Articles | Volume 16, issue 8
Research article
22 Apr 2016
Research article |  | 22 Apr 2016

Aerosol optical properties in the southeastern United States in summer – Part 1: Hygroscopic growth

Charles A. Brock, Nicholas L. Wagner, Bruce E. Anderson, Alexis R. Attwood, Andreas Beyersdorf, Pedro Campuzano-Jost, Annmarie G. Carlton, Douglas A. Day, Glenn S. Diskin, Timothy D. Gordon, Jose L. Jimenez, Daniel A. Lack, Jin Liao, Milos Z. Markovic, Ann M. Middlebrook, Nga L. Ng, Anne E. Perring, Matthews S. Richardson, Joshua P. Schwarz, Rebecca A. Washenfelder, Andre Welti, Lu Xu, Luke D. Ziemba, and Daniel M. Murphy

Abstract. Aircraft observations of meteorological, trace gas, and aerosol properties were made during May–September 2013 in the southeastern United States (US) under fair-weather, afternoon conditions with well-defined planetary boundary layer structure. Optical extinction at 532 nm was directly measured at relative humidities (RHs) of  ∼  15,  ∼  70, and  ∼  90 % and compared with extinction calculated from measurements of aerosol composition and size distribution using the κ-Köhler approximation for hygroscopic growth. The calculated enhancement in hydrated aerosol extinction with relative humidity, f(RH), calculated by this method agreed well with the observed f(RH) at  ∼  90 % RH. The dominance of organic aerosol, which comprised 65 ± 10 % of particulate matter with aerodynamic diameter  <  1 µm in the planetary boundary layer, resulted in relatively low f(RH) values of 1.43 ± 0.67 at 70 % RH and 2.28 ± 1.05 at 90 % RH. The subsaturated κ-Köhler hygroscopicity parameter κ for the organic fraction of the aerosol must have been  <  0.10 to be consistent with 75 % of the observations within uncertainties, with a best estimate of κ  =  0.05. This subsaturated κ value for the organic aerosol in the southeastern US is broadly consistent with field studies in rural environments. A new, physically based, single-parameter representation was developed that better described f(RH) than did the widely used gamma power-law approximation.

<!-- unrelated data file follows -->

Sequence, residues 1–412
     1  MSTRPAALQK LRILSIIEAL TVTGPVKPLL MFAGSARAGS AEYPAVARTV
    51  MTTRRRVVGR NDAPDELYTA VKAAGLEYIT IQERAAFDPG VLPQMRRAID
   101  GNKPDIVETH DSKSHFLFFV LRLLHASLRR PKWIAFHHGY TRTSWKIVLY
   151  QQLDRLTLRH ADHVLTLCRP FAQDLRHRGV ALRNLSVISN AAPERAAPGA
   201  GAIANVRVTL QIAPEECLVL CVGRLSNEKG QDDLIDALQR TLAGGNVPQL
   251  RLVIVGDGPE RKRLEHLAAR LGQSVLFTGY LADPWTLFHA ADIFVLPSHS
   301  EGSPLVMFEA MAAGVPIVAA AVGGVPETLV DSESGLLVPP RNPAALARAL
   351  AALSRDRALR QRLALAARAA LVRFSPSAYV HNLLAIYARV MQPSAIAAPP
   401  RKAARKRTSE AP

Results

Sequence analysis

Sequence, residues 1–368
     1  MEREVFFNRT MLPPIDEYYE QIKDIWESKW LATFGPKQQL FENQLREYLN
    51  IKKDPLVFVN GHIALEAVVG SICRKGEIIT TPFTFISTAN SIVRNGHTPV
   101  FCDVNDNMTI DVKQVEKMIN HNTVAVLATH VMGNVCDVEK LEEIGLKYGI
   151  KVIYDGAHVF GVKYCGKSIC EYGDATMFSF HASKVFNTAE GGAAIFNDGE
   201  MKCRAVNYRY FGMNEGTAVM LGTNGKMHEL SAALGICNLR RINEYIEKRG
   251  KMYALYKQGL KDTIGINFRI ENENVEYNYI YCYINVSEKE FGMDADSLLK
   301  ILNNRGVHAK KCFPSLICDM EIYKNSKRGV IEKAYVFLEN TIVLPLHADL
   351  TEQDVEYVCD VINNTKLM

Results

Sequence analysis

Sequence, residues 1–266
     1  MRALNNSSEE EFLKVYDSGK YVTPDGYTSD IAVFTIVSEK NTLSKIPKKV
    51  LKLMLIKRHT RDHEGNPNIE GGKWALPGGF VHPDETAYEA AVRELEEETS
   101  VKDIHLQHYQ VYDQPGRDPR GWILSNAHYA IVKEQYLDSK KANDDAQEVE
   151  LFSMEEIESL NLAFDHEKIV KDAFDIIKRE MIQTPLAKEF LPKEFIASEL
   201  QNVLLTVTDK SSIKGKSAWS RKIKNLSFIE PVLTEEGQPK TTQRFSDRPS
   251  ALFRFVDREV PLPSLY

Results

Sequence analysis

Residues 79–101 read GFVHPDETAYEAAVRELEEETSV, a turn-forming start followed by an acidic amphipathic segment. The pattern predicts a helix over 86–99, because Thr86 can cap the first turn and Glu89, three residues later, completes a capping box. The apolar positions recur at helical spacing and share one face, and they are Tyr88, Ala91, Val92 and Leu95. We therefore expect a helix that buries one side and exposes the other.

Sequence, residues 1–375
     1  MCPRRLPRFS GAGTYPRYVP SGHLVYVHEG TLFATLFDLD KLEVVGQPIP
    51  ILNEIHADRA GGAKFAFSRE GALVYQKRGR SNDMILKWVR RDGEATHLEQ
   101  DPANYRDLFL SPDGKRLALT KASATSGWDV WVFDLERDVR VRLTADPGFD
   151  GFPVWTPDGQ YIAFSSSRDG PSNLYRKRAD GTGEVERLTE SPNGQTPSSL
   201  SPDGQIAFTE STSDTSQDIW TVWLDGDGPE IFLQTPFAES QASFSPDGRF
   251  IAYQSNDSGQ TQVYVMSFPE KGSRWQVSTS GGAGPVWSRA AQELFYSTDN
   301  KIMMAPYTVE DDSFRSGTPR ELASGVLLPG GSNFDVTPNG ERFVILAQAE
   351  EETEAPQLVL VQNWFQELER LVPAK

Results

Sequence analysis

Short summary
Microscopic pollution particles make the atmosphere look hazy and also cool the earth by sending sunlight back to space. When the air is moist, these particles swell with water and scatter even more sunlight. We showed that particles formed from organic material – which dominates particulate pollution in the southeastern U.S. – does not take up water very effectively, toward the low end of most previous studies. We also found a better way to mathematically describe this swelling process.
Final-revised paper